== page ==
New, certified green buildings may offer sex appeal and flashy style, but older buildings offer unexpected benefits to cost conscious businesses and homeowners.
New York, New York (PRWEB) December 27, 2012
The Green Economy’s December issue, “Cities & Buildings,” explores how retrofits, green roofs and LEED certifications impact buildings’ energy efficiency and, in turn, transform cities such as Pittsburgh into examples of sustainable living.
“New, certified green buildings may offer sex appeal and flashy style, but older buildings offer unexpected benefits to cost conscious businesses and homeowners,” said Maryruth Priebe, senior editor at The Green Economy. “One of the lessons the green building industry is learning is that old buildings often outperform new ones —even those built to high green building standards.”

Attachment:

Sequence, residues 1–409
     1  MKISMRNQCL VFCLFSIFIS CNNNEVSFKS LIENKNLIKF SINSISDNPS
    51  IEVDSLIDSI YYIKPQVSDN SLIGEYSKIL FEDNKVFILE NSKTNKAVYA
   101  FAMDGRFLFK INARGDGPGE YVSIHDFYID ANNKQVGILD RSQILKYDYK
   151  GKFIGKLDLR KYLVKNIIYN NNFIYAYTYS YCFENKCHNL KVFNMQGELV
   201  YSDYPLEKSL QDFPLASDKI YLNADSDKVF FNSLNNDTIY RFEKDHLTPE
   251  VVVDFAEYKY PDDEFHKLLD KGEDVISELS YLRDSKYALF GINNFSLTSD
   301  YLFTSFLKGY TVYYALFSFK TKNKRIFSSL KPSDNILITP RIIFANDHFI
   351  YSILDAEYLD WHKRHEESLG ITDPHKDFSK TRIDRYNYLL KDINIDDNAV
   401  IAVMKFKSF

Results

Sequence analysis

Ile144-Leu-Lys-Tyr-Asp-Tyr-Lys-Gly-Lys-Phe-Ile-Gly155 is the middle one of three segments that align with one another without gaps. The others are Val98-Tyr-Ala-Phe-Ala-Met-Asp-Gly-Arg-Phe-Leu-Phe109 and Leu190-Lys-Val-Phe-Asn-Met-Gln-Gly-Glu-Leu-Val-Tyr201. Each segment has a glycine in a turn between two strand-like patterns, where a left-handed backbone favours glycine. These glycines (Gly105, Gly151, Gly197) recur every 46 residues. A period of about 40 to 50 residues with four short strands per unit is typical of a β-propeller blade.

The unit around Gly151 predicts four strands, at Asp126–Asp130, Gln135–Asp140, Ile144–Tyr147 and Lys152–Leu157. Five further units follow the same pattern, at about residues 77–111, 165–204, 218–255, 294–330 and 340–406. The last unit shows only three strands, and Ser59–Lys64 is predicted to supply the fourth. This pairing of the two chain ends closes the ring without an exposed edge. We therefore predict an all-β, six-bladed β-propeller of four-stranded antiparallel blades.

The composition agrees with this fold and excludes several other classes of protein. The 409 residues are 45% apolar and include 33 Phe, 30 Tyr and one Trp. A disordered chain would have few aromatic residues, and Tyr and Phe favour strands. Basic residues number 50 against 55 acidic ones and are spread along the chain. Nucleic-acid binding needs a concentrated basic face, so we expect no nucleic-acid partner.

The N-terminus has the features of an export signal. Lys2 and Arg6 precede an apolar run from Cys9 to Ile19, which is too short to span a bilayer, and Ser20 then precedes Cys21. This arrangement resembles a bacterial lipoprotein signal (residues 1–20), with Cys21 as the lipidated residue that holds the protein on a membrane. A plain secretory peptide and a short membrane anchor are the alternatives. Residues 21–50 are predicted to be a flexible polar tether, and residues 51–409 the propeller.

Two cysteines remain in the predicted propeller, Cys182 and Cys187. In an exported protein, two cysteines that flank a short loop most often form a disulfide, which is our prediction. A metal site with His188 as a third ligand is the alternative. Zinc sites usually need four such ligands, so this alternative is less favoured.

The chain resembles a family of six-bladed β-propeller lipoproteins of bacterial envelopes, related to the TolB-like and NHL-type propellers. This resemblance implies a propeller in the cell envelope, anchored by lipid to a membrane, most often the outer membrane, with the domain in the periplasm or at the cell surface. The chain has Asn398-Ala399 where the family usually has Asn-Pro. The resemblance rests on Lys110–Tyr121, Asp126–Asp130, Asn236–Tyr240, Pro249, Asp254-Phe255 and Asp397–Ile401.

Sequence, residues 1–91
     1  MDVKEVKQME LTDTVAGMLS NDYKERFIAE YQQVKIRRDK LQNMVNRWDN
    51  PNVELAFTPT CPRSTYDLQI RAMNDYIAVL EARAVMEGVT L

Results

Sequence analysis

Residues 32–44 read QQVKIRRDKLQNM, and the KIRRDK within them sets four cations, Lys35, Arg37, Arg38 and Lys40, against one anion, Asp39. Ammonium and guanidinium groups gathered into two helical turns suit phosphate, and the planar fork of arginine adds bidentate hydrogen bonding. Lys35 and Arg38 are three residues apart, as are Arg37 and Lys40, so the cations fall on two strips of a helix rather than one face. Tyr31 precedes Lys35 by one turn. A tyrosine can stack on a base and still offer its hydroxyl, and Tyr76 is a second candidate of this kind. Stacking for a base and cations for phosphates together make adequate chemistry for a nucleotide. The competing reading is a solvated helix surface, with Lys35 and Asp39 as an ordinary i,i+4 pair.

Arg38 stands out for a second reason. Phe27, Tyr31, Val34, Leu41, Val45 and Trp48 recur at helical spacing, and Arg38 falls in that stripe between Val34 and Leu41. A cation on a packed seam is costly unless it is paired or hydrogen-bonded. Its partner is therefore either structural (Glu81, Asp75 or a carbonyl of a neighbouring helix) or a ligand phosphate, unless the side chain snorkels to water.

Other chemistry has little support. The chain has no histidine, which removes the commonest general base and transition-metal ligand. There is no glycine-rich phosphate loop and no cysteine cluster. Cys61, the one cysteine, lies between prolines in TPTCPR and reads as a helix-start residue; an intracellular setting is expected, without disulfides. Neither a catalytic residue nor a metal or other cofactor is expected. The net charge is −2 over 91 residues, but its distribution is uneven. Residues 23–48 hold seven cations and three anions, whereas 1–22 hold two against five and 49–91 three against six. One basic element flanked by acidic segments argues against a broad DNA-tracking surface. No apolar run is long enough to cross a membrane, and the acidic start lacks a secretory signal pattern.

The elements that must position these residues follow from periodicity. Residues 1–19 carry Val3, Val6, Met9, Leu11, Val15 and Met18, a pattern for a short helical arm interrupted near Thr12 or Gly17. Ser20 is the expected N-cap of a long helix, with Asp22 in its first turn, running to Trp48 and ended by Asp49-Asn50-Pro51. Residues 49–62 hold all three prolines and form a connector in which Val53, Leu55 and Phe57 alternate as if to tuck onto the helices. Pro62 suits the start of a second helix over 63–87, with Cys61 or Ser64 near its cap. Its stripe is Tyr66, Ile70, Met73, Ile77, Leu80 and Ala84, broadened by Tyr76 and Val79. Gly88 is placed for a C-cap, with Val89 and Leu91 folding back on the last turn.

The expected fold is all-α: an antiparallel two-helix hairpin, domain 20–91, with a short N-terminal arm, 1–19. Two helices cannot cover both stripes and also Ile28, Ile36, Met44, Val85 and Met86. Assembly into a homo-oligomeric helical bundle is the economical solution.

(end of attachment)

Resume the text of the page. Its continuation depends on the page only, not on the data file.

Recent studies confirm that buildings built in certain time periods can be energy efficient and that, on average, older buildings achieve higher ENERGY STAR ratings than newer buildings.
“The numbers are clear: the most energy efficient buildings are older buildings,” said Francoise Bollack, architect and president of the Historic District Council in New York. “It’s basically validating what we have been saying for many years: older buildings tend to be more efficient because they have more mass so by their very nature they are more insulated.”